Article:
All the above is why I can't get interested in model trains, you just can't reproduce the operating atmosphere, even the tedium.
steam4ian
You should give Train Simulator 2013 a shot. Some of the reviews I've read on the web seem to indicate the loading times add a fair leavening of tedium if you need that simulated Smile
  duttonbay Minister for Railways

All the above is why I can't get interested in model trains, you just can't reproduce the operating atmosphere, even the tedium.
"steam4ian"

Of course you can reproduce the tedium. Locos couple up to a train, and don't leave for a scale 10 minutes while the brakes are done. Trains stop at the entry to a crossing loop, pause for sufficient scale time for the fireman to change the points, and enter the loop. When they leave the loop they stop with the van clear of the turnout while the guard resets the turnout.  We had sessions where train orders were issued, and the driver of the train had to walk to the train controller to receive the order, and then walk back to the train before it could move. This simulated the time it takes to receive and repeat a train order.

You need some rules, and operators which follow the rules, and the tedium can be reproduced.

Of course, I suspect that most model railways don't operate this way, but it was a lot of fun on the Dutton Bay.
  fabricator Chief Commissioner

Location: Gawler
I wonder if anyone has fitted a dead man's switch to a model train controller ?
I'm sure that would make things tedious, might even prevent the odd crash.
  David Peters Dr Beeching

Location: "With Hey Boy".
I wonder if anyone has fitted a dead man's switch to a model train controller ?
I'm sure that would make things tedious, might even prevent the odd crash.
fabricator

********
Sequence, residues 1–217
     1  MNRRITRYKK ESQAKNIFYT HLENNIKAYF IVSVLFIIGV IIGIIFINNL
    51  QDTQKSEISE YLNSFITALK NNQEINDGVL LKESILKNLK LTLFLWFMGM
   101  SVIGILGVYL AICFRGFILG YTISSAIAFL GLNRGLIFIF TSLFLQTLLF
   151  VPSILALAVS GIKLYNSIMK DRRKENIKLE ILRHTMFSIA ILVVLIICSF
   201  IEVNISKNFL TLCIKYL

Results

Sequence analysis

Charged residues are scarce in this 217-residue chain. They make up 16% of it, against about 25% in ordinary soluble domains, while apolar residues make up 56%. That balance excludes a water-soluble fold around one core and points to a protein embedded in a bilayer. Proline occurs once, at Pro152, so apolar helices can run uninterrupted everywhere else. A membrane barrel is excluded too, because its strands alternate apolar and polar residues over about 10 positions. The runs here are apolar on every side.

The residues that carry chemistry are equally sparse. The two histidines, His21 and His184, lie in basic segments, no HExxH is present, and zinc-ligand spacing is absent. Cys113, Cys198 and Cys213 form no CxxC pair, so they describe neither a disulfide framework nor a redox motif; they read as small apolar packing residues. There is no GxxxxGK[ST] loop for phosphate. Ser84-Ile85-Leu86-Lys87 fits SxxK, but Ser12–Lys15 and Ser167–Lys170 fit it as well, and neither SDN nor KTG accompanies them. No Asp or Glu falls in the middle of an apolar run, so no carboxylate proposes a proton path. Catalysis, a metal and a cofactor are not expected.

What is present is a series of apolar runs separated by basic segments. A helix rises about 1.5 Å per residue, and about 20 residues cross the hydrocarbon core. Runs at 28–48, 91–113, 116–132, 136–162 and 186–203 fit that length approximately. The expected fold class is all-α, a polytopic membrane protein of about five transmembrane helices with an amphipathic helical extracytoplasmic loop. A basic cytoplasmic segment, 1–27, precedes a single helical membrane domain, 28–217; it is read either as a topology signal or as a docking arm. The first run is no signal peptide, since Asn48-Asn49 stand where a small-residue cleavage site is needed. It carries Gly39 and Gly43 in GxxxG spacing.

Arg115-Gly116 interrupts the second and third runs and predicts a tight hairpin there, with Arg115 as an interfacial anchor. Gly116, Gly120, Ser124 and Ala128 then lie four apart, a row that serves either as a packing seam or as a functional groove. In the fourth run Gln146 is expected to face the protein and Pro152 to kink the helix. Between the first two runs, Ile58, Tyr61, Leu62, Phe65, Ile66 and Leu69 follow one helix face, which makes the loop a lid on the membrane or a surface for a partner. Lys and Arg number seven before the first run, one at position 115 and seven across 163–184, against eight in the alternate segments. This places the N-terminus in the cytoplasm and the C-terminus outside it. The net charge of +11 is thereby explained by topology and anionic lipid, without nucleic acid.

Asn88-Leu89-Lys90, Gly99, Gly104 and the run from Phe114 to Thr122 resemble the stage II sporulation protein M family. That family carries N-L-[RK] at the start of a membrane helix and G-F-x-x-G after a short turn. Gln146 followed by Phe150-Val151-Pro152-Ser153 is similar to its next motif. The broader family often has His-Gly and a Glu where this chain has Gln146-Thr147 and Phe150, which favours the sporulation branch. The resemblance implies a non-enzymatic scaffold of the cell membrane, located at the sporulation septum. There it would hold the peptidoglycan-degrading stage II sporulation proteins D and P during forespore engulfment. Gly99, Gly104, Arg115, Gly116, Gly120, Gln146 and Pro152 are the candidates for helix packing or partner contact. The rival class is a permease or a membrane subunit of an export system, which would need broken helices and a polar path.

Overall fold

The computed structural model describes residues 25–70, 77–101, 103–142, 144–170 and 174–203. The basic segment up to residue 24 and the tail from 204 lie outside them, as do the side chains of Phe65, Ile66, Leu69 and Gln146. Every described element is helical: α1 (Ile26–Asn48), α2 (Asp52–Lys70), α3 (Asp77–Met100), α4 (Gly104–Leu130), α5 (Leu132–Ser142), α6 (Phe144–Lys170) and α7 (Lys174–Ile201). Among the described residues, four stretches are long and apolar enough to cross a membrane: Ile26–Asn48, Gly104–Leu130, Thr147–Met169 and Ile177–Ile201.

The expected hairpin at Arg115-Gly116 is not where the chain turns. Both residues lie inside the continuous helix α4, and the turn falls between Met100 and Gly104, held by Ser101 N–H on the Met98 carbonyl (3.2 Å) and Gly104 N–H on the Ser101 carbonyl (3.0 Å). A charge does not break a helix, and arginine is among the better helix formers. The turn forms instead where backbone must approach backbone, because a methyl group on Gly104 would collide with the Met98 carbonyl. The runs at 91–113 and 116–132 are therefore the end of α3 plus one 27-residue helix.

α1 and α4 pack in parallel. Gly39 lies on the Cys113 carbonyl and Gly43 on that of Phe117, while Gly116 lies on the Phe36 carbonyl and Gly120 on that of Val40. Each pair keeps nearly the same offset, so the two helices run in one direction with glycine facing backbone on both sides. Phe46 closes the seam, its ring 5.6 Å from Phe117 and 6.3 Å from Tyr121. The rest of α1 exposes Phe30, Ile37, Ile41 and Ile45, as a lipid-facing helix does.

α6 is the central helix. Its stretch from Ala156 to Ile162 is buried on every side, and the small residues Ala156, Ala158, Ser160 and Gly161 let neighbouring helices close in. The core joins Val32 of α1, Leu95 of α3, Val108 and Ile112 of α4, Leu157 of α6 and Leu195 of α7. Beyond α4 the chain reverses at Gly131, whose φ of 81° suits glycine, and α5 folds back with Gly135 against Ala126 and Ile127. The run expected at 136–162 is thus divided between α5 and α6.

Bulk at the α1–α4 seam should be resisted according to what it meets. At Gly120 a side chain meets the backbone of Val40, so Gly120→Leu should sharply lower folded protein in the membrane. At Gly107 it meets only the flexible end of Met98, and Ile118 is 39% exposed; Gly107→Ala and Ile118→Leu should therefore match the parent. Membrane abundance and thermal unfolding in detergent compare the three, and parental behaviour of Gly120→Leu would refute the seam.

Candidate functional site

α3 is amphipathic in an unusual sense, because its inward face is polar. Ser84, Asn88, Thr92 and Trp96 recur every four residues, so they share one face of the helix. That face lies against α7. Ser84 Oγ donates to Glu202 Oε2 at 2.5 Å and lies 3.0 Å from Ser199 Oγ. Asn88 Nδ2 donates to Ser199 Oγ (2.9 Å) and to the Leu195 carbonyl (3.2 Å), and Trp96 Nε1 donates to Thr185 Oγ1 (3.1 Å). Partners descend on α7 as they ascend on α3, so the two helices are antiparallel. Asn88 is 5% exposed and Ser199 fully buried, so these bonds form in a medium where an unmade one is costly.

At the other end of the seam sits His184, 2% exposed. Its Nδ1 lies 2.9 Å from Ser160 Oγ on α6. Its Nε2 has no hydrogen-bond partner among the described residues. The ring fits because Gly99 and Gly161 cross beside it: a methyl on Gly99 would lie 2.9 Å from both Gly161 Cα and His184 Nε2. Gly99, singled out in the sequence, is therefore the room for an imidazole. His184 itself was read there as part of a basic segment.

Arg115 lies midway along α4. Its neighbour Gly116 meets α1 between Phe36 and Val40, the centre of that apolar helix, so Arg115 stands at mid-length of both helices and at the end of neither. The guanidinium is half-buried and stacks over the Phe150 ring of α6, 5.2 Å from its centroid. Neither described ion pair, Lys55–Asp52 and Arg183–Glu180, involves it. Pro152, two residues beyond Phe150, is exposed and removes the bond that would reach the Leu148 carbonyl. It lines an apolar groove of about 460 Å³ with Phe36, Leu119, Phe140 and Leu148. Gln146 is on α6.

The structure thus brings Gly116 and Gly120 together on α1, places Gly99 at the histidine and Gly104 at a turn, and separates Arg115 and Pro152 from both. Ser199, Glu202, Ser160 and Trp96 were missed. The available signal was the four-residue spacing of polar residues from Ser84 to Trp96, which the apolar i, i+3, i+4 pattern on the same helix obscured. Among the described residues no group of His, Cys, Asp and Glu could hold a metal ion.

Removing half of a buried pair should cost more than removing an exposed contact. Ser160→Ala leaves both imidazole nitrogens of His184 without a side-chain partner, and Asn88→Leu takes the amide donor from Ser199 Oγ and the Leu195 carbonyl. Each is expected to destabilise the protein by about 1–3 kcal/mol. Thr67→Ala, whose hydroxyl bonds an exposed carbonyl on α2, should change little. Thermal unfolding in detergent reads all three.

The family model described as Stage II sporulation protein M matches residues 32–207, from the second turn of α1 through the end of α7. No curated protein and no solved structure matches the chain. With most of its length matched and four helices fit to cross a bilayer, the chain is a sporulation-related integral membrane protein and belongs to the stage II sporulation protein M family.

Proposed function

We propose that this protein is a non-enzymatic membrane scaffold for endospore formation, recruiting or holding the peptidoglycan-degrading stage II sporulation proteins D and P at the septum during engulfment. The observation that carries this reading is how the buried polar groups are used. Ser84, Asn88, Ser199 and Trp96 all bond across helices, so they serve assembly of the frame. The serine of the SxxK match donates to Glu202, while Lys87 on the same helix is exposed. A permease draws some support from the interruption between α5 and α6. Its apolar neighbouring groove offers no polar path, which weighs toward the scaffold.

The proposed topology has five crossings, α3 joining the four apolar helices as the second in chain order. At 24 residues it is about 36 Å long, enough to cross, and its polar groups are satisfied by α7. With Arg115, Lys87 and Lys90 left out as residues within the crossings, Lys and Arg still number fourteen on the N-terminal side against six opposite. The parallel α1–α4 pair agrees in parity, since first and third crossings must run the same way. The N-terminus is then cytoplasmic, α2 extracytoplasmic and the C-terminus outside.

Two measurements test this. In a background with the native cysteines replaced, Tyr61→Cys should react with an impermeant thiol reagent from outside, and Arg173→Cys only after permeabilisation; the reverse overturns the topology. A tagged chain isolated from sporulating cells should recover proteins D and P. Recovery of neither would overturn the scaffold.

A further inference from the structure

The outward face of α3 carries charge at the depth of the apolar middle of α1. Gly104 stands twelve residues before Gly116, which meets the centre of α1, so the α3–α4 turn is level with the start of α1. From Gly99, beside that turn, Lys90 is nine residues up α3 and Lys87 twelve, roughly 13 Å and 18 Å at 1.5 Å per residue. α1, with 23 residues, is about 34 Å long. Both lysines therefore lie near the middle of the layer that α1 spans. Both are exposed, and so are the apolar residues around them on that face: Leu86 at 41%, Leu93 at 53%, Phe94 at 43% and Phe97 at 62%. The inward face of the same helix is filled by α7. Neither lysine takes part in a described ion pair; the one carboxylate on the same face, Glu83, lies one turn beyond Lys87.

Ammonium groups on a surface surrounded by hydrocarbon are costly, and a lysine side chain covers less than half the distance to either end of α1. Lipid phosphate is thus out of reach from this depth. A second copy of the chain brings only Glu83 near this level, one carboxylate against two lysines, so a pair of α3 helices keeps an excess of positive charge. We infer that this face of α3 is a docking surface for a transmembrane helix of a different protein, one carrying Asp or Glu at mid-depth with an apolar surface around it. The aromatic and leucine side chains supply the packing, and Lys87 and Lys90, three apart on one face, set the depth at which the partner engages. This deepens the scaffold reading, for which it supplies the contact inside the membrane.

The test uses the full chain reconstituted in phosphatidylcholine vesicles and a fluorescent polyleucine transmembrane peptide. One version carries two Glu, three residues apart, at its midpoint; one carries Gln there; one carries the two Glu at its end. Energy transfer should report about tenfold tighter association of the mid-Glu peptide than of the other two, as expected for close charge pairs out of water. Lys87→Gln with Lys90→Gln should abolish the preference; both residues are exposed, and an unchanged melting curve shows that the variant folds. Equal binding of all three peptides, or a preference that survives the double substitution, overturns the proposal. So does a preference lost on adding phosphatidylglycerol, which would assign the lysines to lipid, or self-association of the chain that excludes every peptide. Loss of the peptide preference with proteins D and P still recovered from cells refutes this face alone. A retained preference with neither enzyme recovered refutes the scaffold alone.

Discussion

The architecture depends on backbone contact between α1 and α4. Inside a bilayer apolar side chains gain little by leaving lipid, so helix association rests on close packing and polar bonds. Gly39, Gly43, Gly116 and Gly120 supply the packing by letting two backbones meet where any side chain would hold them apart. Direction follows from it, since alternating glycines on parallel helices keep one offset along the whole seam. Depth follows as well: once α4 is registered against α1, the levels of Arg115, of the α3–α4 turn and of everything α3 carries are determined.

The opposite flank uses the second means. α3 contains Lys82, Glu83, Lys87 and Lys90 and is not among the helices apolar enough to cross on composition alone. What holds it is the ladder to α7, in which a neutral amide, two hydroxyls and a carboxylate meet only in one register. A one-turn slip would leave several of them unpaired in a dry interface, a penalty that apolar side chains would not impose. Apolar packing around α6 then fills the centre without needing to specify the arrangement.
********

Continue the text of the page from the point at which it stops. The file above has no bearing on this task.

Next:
I have a deadman's switch of sorts on both mainline tracks of my Kilkenny model train layout. By pushing the button the power is cut off to the tracks. It was put on there because of the odd crash or two in years gone by.

Having operated a few model railways in the past using card systems for each wagon and operating to a strict set of rules and a fast clock, you can indeed add the tedium into operating a model train. It starts out as a bit of a bad dream when you are first confronted by it though, but eventually you get the idea and it adds to the operating night to do it the way the real railways used to do it, this includes train orders and lots of other paper work as well to be done by model train operators. What you see at a Model railway exhibition is not what happens on an operating night at a lot of large model railways. Operation like this at an exhibition will bore the pants of of people that are not into railways or model railways. People go to an exhibition to see trains run and that is all they want to see.
  22-Calibre Beginner

"As I see it the movement could have had both up and down lines blocked for up to 10 minutes. The OSL could need 2 minutes to time out. The operation could read as follows:- train comes to halt, engineman gets off engine and goes to pill box, fumbles for key and opens box, then phones cabin, gets response, closes and locks pill box, operates OSL, waits for time out, then the switch is reversed, the engineman climbs back in the cab, right of way is given, brakes released, train moves to yard, guard signals train clear of fouling point, train stops, guard gets off train and walks back to switch stand, guard put switches to normal, line now clear."

Almost all correct.

The crew spoke to Metro Train Control.   The Outlying Switch Lock was released and could only be operated whilst the UP Absolute protecting the crossover at Cabin E was at STOP.  The Guard usually dropped off as the train pulled into the yard (but not always)

"All the above is why I can't get interested in model trains, you just can't reproduce the operating atmosphere, even the tedium."

Freight forwarders similarly lost interested in railways until this was rectified in the 80's by places such as Islington Freight Terminal, containers, high(er) speed non-stopping trains, 2 person crews, and all of the other "non atmospheric" realities of life.
  alcoworldseries Deputy Commissioner

Location: Auburn
See my earlier 22, Dry Creek E and all the SAR OSL's had NO timeout once released by the signalman/train control and did relaease as soon as release given and OSL door opened, any delay would have been because either some other movement was still on the release circuts or whoever gave the release was busy.

Sponsored advertisement

Subscribers: Pressman

Display from:   

Quick Reply

We've disabled Quick Reply for this thread as it was last updated more than six months ago.